This week in our WiCipedia roundup: Barbara Liskov reigns as queen of code; female leaders don't have support, even from women; zebras push unicorns aside; and more.
The term "unicorn" in tech has a few different meanings, though the most prevalent one is to signify companies that are worth more than $1 billion. PC Mag suggests that this mythical beast needs to move over for the new magical creature in town though: zebras. While maybe not quite as exotic, the zebra signifies much-needed diversity in tech. Zebras Unite, a Silicon Valley startup, is "a growing movement that aims to make startup and venture capital culture more ethical and inclusive." They argue that the type of culture that it takes for a company to reach unicorn status is toxic and needs to be reevaluated in order to diversify tech. "The problem is clear: what exists is created by and for an exceedingly select breed of people," says Dr. Astrid Scholz, serial entrepreneur and co-founder of the movement. (See WiCipedia: The Barbie & Unicorn Edition.)
Barbara Liskov is a name you don't hear often, though if you work in tech you should as she played a major role in the invention of coding as we know it. Quanta Magazine recently interviewed Barbara, who is now 80, the recipient of a Turing Award and still a professor at MIT, and talked about her experience being one of the few women working with AI and machine learning in the 1970s. For a frame of reference, when she started at MIT, she was one of ten female professors out of 1,000 faculty members. "There was a long period of time where women were not considered at all," she said of faculty hiring. When asked how women can fend off discrimination and move forward, Barbara said, "It'd be nice to know how to apply that Teflon. It wasn't until I had been at MIT for a while that I lost my inhibitions to ask questions in public. It took a long time to develop that self-confidence... That, together with a lack of a need to please people. Women are socialized to please." (See WiCipedia: Best Cities for WiT, Born to Code & Dancing Backwards.)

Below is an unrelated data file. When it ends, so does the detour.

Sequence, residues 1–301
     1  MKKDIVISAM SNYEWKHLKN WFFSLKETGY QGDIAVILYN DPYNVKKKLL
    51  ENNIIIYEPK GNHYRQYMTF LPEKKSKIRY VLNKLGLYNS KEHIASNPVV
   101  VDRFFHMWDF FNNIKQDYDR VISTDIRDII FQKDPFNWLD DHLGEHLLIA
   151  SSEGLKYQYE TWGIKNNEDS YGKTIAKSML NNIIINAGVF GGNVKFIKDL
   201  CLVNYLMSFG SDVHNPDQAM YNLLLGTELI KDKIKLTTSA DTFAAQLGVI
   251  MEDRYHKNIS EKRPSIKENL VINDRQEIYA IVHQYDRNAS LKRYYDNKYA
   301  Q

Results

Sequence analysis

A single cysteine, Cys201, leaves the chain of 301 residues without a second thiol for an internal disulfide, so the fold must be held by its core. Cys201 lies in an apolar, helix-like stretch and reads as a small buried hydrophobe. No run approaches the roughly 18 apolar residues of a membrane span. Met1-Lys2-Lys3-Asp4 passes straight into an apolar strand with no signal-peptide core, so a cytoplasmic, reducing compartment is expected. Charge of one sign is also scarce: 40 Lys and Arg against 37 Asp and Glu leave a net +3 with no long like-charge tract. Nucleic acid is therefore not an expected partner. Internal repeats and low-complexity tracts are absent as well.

The issues surrounding getting women on boards and as the heads of companies extend far beyond the tech industry. Huff Post explains that a survey from the Reykjavik Index reports that a majority of people aren't comfortable with women at the helm in nearly any industry. The survey spanned 22,000 adults in 11 countries, including 2,000 Americans, and found that fewer than half of men are comfortable with a woman calling the shots (shockingly, only 59% of women approve of a woman in charge). Yet that doesn't mean they don't have a chance. Clearly when one of the American presidential Democratic frontrunners is a woman, anything is possible. "Women in all walks of life have a harder job on the journey to leadership than men," said CEO of Kantar Public Michelle Harrison, who worked on the study. "I don't think it's telling us anything specific about a particular woman. Leaders always break through." (See WiCipedia: Diverse Boards Are the Future & UK Gov't Deals With Online Abuse.)
Technical.ly DC tackled what the tech industry needs to diversify and equalize the tech landscape and the answer came down to one takeaway: better humans. A female engineer who has been in the industry for a decade wrote the piece, and addressed what it would take for women to both join and remain in the industry. She explained: "I do think the biggest change will happen if we start by being better humans and open to each other's differences while also building great products with code... The industry would be less known for promoting a culture that has a bias toward women, which would then lead to having more women who were turned off by such an environment to join or continue to stay in the field." (See WiCipedia: Podcast Recs, Interview No-Nos & Creating a Majority Female Tech Company.)
This week in our WiCipedia roundup: Flexible work is a must-have for many women; Ada Ventures takes VC to a new level of equal opportunity; Telefónica raises ratio of women on board to 30% (and barely mentions it); and more.